Thinkers within conventionality are leary of freedom. It is not happenstance that most every superpopular loaded word (“climate change”, “healthcare”, “African-American”, “gender”, “defense budget”, “living wage”, . . .) is statist. Those words form their worldview for them, and keep them looking to government for protection from the unfamiliar. If you let your pro-freedom thoughts come out your mouth in conventional terms, it sabotages your message, and even creepingly transforms your mind into just another like any other among the superfluous. Free yourself from euphemisms and statist buzzwords.

    I’ve been saying this same cognitive linguistic speil every chance I get for the last few years now. I guess I’ll just keep saying it until pro-freedom rhetoric becomes what most libertarians go around saying. Only then will pro-freedom thinking spread.

  58. Michael H. Wilson

    RC i am sure it is late where you are so I don’t exoect answer any time soon.

    I read the list of authors you have read that you posted recently. I do believe it was you who posted such a list.

    But have you ever read Robert Townsend’s book “Up The Organization”? It is a management book from the 60’s. If not give it a try.

  59. Robert Capozzi

    mhw, you didn’t answer MY questions that were asked first. But: My general answer to all your serious questions is I’m OK with diversity of thought among Ls so long as it’s clear that we’re advocating in the direction of freedom and peace.

  60. Michael H. Wilson

    RC were you serious about this question? “mhw: We need to be clear as to what our goals are. We are not.

    me: Here’s a radical question–Why? Is this standard for “consistency of message” held by liberals, conservatives, socialists, communists, monarchists, anarchists, etc.?”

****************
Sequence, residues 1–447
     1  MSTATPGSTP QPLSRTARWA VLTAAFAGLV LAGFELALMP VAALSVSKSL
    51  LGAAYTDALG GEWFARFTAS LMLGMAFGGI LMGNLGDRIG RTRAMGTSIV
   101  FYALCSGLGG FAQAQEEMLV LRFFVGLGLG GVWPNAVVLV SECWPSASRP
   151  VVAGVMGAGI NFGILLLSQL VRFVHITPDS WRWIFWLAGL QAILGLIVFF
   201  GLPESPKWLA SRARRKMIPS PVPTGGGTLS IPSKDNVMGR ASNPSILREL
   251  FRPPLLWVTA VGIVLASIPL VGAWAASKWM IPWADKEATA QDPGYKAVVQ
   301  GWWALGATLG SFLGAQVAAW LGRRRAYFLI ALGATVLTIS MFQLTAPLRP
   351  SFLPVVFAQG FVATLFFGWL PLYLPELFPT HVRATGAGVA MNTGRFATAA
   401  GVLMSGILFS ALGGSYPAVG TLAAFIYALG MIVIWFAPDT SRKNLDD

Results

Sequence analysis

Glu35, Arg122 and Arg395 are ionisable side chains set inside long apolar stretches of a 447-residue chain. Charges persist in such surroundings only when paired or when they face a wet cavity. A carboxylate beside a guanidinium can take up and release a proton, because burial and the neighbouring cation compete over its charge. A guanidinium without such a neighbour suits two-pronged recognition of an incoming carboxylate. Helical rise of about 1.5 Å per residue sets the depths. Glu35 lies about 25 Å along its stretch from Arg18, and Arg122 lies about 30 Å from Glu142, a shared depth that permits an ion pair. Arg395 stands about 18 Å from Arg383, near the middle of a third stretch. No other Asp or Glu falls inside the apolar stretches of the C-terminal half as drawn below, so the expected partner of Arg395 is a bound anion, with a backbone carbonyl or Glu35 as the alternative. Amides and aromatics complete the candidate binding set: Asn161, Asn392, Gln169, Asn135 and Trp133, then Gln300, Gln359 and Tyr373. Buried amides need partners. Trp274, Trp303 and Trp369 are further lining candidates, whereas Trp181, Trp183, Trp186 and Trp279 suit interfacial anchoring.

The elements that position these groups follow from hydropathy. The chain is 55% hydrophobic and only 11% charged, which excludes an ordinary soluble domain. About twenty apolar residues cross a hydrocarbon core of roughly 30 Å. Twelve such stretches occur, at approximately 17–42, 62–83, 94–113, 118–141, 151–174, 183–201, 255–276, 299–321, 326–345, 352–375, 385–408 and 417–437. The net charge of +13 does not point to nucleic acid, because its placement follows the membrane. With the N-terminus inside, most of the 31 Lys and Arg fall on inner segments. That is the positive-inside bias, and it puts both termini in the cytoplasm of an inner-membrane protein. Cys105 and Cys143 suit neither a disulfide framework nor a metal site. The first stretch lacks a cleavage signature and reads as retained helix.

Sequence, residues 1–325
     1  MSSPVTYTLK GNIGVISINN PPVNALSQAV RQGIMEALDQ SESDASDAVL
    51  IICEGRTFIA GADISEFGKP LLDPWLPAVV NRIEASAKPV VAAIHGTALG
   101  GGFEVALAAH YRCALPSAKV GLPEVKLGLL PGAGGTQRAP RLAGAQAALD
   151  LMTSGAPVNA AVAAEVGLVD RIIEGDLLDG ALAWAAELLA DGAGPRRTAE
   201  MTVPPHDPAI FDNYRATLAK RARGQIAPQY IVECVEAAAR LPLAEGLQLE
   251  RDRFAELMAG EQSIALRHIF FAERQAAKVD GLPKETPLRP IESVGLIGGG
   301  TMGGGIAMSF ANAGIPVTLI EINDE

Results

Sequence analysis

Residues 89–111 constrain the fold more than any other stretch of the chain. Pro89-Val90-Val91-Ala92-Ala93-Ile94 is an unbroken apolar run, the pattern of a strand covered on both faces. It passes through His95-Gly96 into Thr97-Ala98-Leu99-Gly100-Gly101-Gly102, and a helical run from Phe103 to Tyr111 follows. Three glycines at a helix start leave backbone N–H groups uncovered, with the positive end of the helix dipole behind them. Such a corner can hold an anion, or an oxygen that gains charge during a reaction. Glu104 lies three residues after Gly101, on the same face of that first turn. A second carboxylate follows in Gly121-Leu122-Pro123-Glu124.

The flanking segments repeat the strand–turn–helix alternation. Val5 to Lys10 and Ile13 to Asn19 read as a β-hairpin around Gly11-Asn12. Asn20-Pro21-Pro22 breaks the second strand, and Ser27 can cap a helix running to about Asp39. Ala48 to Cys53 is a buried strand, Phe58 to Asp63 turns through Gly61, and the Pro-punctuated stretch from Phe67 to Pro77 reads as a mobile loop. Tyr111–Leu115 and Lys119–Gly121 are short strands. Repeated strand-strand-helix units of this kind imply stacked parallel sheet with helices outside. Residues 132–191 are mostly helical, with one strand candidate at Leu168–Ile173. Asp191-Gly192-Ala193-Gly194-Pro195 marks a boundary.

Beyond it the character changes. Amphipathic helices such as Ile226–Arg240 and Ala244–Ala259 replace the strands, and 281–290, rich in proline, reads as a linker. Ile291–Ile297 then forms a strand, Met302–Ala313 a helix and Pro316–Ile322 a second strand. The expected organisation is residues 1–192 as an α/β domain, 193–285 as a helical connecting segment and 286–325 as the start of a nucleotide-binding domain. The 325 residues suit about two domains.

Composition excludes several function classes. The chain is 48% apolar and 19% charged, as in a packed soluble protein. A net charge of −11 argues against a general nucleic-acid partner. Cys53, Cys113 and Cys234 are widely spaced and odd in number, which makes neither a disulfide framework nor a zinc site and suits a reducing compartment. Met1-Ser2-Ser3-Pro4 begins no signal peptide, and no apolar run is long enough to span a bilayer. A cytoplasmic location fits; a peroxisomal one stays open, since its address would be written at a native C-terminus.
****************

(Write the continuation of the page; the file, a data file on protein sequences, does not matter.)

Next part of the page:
Personally I thought you were being funny.

    But I am not a member of any of the groups you mention and in the business world I have always found it wise to be clear about goals and I would suggests the same in true in the political world.

    Perhaps you feel that in business one can be vague about what the goals, but I have no idea what you do for an income.

  61. robert capozzi

    mhw, most businesses I know of have annual goals aka budgets. They may also have vision and mission statements which are less specific.

    My point is that most ideological movements don’t have really specific, super-long-run goals like “abolish NORAD, leave it to insurance companies.” Some Ls may believe that IS an appropriate vision, but taking that position sounds grandiose and unattractive to the vast majority of the population.

    Goals are, in short, time dependent. Socialists have been successful by employing a creeping incrementalist approach, as it’s less threatening.

  62. Michael H. Wilson

    Robert I am well aware of what the socialist have done and I think they set goals and executed them pretty well. They deserve credit for what the accomplished even though I disagree with them. I wish the LP would do something similar but so far we haven’t.

  63. robert capozzi

    mhw, or perhaps we Ls can learn the lesson of letting a thousand flowers bloom?

    Since at least 1980, one school of L-ism has sanctimoniously claimed it was the keeper of the flame, and attacked those who dare to deviate from the plumbline.

    Perhaps a St Louis Accord is the means to encourage intrapreneuriship and ecumenicalism within the L tent.

  64. Thomas L. Knapp

    “Since at least 1980, one school of L-ism has sanctimoniously claimed it was the keeper of the flame, and attacked those who dare to deviate from the plumbline.”

    I thought the Libertarian Reform Caucus was younger than that.

  65. robert capozzi